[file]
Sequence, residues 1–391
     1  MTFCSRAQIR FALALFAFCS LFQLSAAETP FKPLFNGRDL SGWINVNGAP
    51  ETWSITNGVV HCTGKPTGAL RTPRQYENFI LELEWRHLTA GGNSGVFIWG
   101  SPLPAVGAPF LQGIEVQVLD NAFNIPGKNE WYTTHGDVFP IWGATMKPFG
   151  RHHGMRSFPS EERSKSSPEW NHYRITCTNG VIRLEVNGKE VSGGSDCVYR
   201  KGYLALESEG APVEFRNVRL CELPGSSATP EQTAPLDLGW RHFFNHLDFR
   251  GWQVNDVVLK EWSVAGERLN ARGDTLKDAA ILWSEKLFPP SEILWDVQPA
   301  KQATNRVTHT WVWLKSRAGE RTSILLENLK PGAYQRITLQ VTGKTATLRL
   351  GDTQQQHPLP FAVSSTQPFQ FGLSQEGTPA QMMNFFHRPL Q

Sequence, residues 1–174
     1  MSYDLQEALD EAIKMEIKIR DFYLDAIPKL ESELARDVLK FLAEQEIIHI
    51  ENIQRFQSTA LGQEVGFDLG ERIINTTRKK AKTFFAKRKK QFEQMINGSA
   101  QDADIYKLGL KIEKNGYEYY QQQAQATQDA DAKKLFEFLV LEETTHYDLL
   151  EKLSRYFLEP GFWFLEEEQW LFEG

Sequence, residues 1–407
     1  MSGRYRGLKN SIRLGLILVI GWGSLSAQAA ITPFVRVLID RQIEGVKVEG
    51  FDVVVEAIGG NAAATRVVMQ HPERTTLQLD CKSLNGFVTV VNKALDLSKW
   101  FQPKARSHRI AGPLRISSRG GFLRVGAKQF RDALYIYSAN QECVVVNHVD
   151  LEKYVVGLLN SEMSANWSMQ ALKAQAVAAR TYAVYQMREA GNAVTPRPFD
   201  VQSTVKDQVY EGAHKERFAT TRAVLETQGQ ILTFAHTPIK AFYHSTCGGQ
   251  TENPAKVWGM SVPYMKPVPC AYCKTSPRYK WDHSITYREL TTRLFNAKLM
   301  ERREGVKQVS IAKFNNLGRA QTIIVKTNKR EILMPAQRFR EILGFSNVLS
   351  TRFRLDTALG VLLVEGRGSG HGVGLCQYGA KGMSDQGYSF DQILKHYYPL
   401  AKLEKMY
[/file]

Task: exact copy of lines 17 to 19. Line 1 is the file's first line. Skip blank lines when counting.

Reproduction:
    51  FDVVVEAIGG NAAATRVVMQ HPERTTLQLD CKSLNGFVTV VNKALDLSKW
   101  FQPKARSHRI AGPLRISSRG GFLRVGAKQF RDALYIYSAN QECVVVNHVD
   151  LEKYVVGLLN SEMSANWSMQ ALKAQAVAAR TYAVYQMREA GNAVTPRPFD